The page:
Tax Tips: What is the Alternative Minimum Tax? |

Tax Tips: What is the Alternative Minimum Tax?

Kelly Bullis
For the Nevada Appeal

In the news recently were projections for tax law changes from Congress by the end of 2010. One of the “hopefuls” is raising the definition of income subject to the nightmare Alternative Minimum Tax so that enough folks do not end up having to compute it, pay it and then get mad. (If it isn’t tweaked each year, eventually, inflation would make almost everybody subject to it by default.)

Alternative Minimum Tax, or AMT for short, is basically a second tax return that must be prepared if you meet the minimum criteria. On the surface the concept appeals to many folks (those not subject to it). They say, “The rich should pay more tax!” Aside from how to define “rich,” the whole concept of a progressive tax system (higher tax rates as taxable income goes up) is already in place without any need for the AMT.

The problem with the AMT is that everybody is generally subject to it. One must first calculate their tentative Alternative Minimum Taxable Income (called AMTI), then subtract the AMTI exemption amount. This exemption amount is what Congress is thinking of raising.

The amount of AMTI that is over the exemption amount is multiplied by the appropriate AMT tax rate. (For 2009, the rates were 26 percent and 28 percent.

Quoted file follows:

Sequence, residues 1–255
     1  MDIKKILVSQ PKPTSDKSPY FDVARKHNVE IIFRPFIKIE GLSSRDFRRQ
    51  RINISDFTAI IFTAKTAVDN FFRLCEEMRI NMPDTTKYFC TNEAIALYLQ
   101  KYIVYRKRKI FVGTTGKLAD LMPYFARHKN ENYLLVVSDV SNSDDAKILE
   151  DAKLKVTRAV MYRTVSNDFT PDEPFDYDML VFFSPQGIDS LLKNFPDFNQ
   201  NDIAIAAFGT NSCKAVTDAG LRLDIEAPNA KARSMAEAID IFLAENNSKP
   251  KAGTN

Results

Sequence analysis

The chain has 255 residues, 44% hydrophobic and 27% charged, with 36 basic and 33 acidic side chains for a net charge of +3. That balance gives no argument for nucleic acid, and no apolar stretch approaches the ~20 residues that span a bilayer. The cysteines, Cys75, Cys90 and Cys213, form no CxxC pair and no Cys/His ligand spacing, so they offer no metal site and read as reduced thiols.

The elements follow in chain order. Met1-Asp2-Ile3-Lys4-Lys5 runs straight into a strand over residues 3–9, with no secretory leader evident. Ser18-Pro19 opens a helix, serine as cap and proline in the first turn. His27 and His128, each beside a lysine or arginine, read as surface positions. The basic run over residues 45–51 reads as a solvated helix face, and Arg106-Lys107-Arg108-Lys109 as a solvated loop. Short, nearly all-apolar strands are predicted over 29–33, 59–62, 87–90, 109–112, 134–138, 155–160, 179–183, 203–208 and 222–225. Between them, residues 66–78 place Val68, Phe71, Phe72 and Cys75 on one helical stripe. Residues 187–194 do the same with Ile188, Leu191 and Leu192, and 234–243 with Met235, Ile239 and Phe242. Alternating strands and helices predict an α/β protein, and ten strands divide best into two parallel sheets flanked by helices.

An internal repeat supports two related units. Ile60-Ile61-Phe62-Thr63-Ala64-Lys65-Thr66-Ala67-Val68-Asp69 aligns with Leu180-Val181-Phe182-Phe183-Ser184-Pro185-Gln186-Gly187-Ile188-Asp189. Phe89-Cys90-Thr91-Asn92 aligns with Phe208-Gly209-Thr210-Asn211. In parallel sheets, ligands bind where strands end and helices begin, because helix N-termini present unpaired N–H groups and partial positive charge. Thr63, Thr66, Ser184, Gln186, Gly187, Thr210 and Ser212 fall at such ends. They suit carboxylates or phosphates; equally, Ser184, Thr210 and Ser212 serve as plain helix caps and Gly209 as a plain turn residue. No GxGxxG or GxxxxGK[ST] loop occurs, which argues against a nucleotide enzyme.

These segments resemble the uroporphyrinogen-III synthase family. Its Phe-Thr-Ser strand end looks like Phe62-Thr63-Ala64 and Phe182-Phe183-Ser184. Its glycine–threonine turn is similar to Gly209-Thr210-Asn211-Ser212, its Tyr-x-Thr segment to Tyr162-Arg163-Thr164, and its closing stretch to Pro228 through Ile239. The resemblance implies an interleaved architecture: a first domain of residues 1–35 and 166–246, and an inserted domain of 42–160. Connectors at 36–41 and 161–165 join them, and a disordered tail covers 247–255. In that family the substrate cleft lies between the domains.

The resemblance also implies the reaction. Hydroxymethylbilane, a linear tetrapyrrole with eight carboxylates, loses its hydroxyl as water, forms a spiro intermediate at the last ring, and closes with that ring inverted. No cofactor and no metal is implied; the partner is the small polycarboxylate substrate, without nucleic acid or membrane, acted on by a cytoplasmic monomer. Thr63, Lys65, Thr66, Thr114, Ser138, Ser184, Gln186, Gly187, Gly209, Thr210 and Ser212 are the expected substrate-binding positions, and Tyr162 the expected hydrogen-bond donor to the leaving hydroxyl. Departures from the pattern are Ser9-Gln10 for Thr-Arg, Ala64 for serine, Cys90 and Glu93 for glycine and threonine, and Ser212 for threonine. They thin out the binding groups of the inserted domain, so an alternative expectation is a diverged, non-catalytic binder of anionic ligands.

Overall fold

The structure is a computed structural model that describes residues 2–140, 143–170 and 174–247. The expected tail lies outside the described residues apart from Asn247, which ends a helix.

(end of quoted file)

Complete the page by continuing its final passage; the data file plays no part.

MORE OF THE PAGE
Here is an example of the AMT computation for a hypothetical Nevada couple in 2009. These folks are filing a joint return, with five children under 17 years old, have adjusted gross income of $129,300. The higher paid spouse travels out of state as a sales rep, and thus pays high non-resident state income taxes to Oregon and California. They have $32,000 of itemized deductions and $25,550 of personal exemptions, leaving taxable income of $71,750. That computes a normal federal income tax of $10,319.

Now for their 2009 AMT computation: We start by adding back personal exemptions of $25,550. Add back the part of itemized deductions for taxes of $14,691. Fill out a worksheet to determine if the mortgage interest of $12,000 has to be added back. (This time our taxpayers are lucky, they keep the interest deduction.) Add back their miscellaneous itemized deductions of $650. Finally, they go through over 23 lines of other adjustments, usually requiring special worksheets and or schedules to arrive at AMTI of $112,641. They get an exemption (the one Congress is thinking of changing) of $70,950, leaving a balance of $41,691 subject to the flat 26 percent AMT, resulting in an AMT of $10,840.

Since their AMT is more than their regular income tax of $10,319, this hard-working couple can consider themselves “lucky.” In addition to their regular income tax of $10,319, they get to pay an AMT of $521 ($10,840 minus $10,319) for the privilege of having five children, and needing to travel out of state to make a living. They also get to enjoy the exhilarating process of preparing the AMT form 6251 and its related schedules and worksheets.

Now, wasn’t that fun? Don’t we feel better knowing that the “rich” are paying their fair share?

• Kelly Bullis is a Certified Public Accountant with over 30 years of experience. Contact him at 882-4459.